It's pretty much standard thinking around the league and Detroit in particular that the Detroit Pistons will build their roster for the foreseeable future around center Andre Drummond.
This is a solid thought, given that Drummond is one of the most talented centers in the league and is still years away from his prime. In a league that is trending toward undersized big men that spend their time on the perimeter, Drummond is a throwback that calls to mind athletic centers like Hakeem Olajuwon and Dwight Howard.
The Pistons still have some time before they are forced to entice Drummond with a contract extension, so they basically are on the clock. They have two years to convince their center of the future that he needs to sign his next deal with the Pistons.
So what exactly is the ideal roster to surround Drummond with?
When I think about the Pistons situation at point guard, I can't help but be slightly miffed. Like scores of Pistons fans out there, I really thought that Trey Burke was the ideal player to plug into Detroit.
Burke showed last year, especially during the NCAA Tournament, that he could really be a Godsend for offensively challenged yet athletic big men. Burke made Mitch McGary look like Patrick Ewing during March Madness, and had McGary opted for the pros, he would have likely been a borderline lottery pick.
Burke is so adept at putting his teammates in a position to succeed while still opening up the floor with his own skill set offensively.
This is exactly the type of point guard the Pistons need. They need someone that can break down his opponent and get to the rim while still understanding how to put the ball in his big's hands.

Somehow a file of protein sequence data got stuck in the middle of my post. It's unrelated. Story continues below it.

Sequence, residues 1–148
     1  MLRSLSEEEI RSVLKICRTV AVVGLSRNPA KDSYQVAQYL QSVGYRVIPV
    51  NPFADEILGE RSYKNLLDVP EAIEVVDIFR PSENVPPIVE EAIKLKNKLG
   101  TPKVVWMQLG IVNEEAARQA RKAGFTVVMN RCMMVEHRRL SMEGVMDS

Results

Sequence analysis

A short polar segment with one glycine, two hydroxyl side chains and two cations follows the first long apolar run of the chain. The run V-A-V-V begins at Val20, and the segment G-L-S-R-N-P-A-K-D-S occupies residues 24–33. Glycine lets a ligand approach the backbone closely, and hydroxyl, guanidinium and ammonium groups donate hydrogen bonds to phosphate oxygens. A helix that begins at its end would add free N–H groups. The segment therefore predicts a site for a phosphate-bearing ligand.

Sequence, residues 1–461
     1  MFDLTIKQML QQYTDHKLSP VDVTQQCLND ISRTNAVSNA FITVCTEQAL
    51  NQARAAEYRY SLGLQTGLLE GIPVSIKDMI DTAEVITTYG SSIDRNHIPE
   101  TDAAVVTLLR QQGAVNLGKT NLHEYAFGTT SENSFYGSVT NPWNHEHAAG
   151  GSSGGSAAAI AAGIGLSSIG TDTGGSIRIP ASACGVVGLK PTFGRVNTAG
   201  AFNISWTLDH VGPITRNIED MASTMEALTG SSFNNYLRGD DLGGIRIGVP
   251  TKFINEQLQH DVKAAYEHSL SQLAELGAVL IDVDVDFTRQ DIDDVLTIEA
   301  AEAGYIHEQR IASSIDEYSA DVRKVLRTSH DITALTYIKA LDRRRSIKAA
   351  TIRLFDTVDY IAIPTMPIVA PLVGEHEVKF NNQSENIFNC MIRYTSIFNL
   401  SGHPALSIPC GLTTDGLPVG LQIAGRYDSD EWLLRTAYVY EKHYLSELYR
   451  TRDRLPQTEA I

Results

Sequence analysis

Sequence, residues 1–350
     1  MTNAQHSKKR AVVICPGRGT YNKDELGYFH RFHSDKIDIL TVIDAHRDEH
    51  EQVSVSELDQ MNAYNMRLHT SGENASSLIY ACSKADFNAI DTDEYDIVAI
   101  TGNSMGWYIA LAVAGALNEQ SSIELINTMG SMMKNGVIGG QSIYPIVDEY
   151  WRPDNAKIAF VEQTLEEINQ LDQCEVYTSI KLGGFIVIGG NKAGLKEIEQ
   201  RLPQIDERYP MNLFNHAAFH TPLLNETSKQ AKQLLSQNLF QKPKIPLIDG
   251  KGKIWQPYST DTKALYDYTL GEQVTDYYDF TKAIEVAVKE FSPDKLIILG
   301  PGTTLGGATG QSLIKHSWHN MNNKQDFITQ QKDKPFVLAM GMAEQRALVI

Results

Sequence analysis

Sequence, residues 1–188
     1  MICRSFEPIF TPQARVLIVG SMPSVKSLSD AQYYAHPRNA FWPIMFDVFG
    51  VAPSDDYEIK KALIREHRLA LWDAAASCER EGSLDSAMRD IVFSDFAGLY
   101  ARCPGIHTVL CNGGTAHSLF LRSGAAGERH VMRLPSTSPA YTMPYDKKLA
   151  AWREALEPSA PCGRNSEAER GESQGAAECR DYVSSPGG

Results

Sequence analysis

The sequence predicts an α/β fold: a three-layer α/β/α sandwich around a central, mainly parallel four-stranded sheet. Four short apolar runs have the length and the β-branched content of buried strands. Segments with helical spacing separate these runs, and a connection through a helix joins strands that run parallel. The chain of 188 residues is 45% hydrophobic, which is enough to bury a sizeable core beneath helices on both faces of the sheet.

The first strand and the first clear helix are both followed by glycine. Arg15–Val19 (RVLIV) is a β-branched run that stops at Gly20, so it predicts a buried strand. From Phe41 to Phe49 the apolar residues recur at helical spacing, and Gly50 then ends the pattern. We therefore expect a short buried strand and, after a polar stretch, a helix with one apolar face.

Additionally, their point guard of the future should have range on his jumpers.
There have been rumors for years that Detroit is interested in Rajon Rondo, and he certainly would be an upgrade. But ideally, they would get someone that could open up the floor with his range. Rondo just can't do that, although it would be intriguing to see Drummond with a pass-first point guard.
There aren't a lot of natural point guards available, and the Pistons still have two more years of Brandon Jennings on their books.
Given the fact that Jennings has been mostly awful this season, it seems like the Pistons are in a bind at the point position.
Again, if only they would have drafted Burke.
The Pistons are desperate for good shooting from deep. They have been so desperate over the last couple years that they have even plugged in Kyle Singler at times at the 2-guard spot. Singler honestly has no business playing guard in this league. He lacks the quickness and lateral foot speed to play the position.
But at this point, he is pretty much the only decent shooter from deep on this team.
The Pistons need a shooter at the off-guard spot, but they also need some athleticism. Kentavious Caldwell-Pope could still turn into that player, but he just hasn't impressed thus far.
The ideal shooting guard in the league would be Arron Afflalo, but, of course, the Pistons already had him but let him go.
There aren't a lot of great options in free agency this year, and the draft should be challenging as well.
As far as the latter goes, there are three very intriguing options: Gary Harris from Michigan State, Rodney Hood from Duke and my favorite of the bunch, Nik Stauskas, from Michigan.
Harris is your typical athletic guard that plays with a good head on his shoulders and could develop into an excellent defender at the next level. He plays a lot like Tim Hardaway Jr. but is more athletic.
Hood is a lanky wing that probably needs to add to his frame a bit. Some Pistons fans might see a newer version of Austin Daye.